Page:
David Attenborough Befriending A Baby Rhino Is The Cutest Thing You'll See All Day

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In the era of Brexit and divisive politics, one thing the nation can agree on is the legendary Sir David Attenborough. People of all generations have experienced the wisdom and breathtaking wildlife footage brought forward by the iconic presenter, both of which have been featured in a string of top-notch nature documentaries. In fact, Attenborough has gifted audiences with so much amazing content that it might be difficult to single out his very best moments. So, if you're having trouble doing so, look no further, because I've listed the best David Attenborough TV moments to jog your memory.

The 92 year-old's latest release, Our Planet, proves that the veteran TV presenter is showing no signs of slowing down. The eight-part documentary series debuted on Netflix in early April, and wowed audiences with yet more incredible scenes. It was guided by Attenborough's world famous narration — which has been enjoyed by audiences throughout his impressive career. Throughout the years, Attenborough has played with a family of gorillas, bumped into a group of cannibals in the jungle, got up close and personal with an adorable baby rhino, captured some of the world's rarest animals on camera, and perhaps most importantly, brought worldwide attention to the increasing threat of climate change. And here are just some of his best television moments.

1. Playing With Gorillas In 'Life on Earth,' 1979

What is arguably Attenborough's most iconic television moment came way back in 1979 during Life on Earth. In one segment of the show, the broadcaster came across a family of gorillas on the border of Rwanda and Zaire.

Attenborough then went on to directly address the camera, and the viewers watching at home, as the gorillas casually climbed on top of him and continued to play in the most adorable way.

The Baby Rhino In 'Africa,' 2013

The BBC series Africa exposed viewers to the wonderful wildlife and habitats of the African continent, and one incredible moment between Attenborough and a visually-impaired baby rhino caught the attention of people watching around the world.

In what was revealed to be an unplanned piece of footage, Attenborough emotionally embraces a blind baby rhino, which is shown to respond to the presenter in the most beautiful way. A real tearjerker.

'Our Planet,' 2019

There are many amazing individual moments featured throughout this magnificent Netflix series, however, the project overall stands for something much bigger.

The eight-part documentary highlights the increasingly damaging effect climate change is having on our landscapes and wildlife all around the world in sometimes shocking detail. As well as providing an important message, Our Planet also provides some of the most breathtaking footage ever seen in a wildlife documentary —  a must watch for Attenborough fans.

The Lyrebird In 'The Life of Birds,' 1998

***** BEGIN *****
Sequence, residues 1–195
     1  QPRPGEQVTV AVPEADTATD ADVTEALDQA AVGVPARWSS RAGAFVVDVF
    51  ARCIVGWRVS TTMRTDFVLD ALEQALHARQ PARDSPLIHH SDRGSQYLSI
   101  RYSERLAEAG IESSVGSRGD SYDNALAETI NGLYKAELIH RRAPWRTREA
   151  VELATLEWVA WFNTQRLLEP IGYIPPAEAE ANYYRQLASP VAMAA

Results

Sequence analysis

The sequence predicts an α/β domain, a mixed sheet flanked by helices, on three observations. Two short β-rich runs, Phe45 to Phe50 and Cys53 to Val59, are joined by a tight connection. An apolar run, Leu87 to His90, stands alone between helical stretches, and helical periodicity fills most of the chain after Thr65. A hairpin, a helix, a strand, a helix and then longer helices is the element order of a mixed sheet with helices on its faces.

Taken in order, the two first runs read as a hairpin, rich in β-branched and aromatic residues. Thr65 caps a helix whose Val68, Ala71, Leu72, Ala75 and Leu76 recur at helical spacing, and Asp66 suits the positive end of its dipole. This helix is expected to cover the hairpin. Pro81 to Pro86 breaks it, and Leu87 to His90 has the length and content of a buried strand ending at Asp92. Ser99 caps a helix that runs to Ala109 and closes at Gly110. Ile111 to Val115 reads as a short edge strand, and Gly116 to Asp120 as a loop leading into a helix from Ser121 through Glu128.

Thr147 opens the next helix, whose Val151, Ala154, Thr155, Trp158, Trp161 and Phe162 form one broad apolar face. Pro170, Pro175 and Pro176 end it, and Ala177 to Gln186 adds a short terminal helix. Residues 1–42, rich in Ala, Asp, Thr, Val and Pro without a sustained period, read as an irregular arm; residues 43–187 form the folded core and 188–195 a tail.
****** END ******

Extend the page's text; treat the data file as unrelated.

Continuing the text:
The 1998 series The Life of Birds did exactly what the title suggests, and documented the often hard-to-capture shenanigans of the world's most spectacular birds.

However, one moment in particular stood out when Sir David somehow managed to capture footage of a lyrebird perfectly mimicking the sounds of the surrounding forest. The noises recreated by the lyrebird included the click of the cameraman's lens, a nearby car alarm, and even chainsaws used by the surrounding woodcutters.

The Blue Whale In 'The Blue Planet,' 2001

The groundbreaking series The Blue Planet displayed the wonder of the world's oceans to audiences across the globe. Although boasting many incredible scenes, a clear highlight of the 2001 documentary was seen during aerial footage of the rare blue whale.

The majestic footage displayed the blue whale, which is known as being the largest animal on Earth, as it slowly drifted through the water and momentarily breached the ocean's surface. I, for one, am extremely grateful that Sir David brought this moment into our living rooms.

Attenborough And The Sloth In 'The Life of Mammals," 2002

Attenborough took a break from his usual softer speaking voice during an interaction with a slot in the 2002 series, The Life of Mammals.

In what is one of the more light-hearted moments from his catalogue of nature series, the 92 year-old jokingly says "boo" to a nearby sloth, before continuing on to list an array of fascinating facts about the animal.

Meeting A Tribe Of Cannibals In 'Zoo Quest,' 1954

One of the wildlife presenter's most notable TV moments came during an interaction with other human beings. In the BBC series Zoo Quest, which ran between 1954 and 1963, Attenborough came across a group of locals whilst exploring the jungles of Papua New Guinea — oh, and they just so happened to be cannibals.

Unsurprisingly, Sir David approached the situation with some trepidation, however after a warm British greeting, the cannibals were shown to embrace the broadcasting legend. I guess no one's immune to Attenborough's charm.